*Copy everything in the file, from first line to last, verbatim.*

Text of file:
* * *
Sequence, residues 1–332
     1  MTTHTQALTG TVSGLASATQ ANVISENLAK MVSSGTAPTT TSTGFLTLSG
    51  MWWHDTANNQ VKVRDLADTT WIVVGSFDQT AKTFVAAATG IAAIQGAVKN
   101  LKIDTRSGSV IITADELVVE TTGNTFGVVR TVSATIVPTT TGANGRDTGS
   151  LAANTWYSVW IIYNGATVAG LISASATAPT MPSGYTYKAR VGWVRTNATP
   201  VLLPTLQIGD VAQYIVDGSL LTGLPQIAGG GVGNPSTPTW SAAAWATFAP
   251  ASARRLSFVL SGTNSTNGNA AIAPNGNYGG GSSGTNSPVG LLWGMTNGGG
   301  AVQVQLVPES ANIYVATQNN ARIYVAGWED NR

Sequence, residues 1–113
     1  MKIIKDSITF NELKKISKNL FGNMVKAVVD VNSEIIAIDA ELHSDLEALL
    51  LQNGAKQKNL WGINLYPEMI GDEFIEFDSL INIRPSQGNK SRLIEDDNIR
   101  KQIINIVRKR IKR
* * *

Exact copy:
Sequence, residues 1–332
     1  MTTHTQALTG TVSGLASATQ ANVISENLAK MVSSGTAPTT TSTGFLTLSG
    51  MWWHDTANNQ VKVRDLADTT WIVVGSFDQT AKTFVAAATG IAAIQGAVKN
   101  LKIDTRSGSV IITADELVVE TTGNTFGVVR TVSATIVPTT TGANGRDTGS
   151  LAANTWYSVW IIYNGATVAG LISASATAPT MPSGYTYKAR VGWVRTNATP
   201  VLLPTLQIGD VAQYIVDGSL LTGLPQIAGG GVGNPSTPTW SAAAWATFAP
   251  ASARRLSFVL SGTNSTNGNA AIAPNGNYGG GSSGTNSPVG LLWGMTNGGG
   301  AVQVQLVPES ANIYVATQNN ARIYVAGWED NR

Sequence, residues 1–113
     1  MKIIKDSITF NELKKISKNL FGNMVKAVVD VNSEIIAIDA ELHSDLEALL
    51  LQNGAKQKNL WGINLYPEMI GDEFIEFDSL INIRPSQGNK SRLIEDDNIR
   101  KQIINIVRKR IKR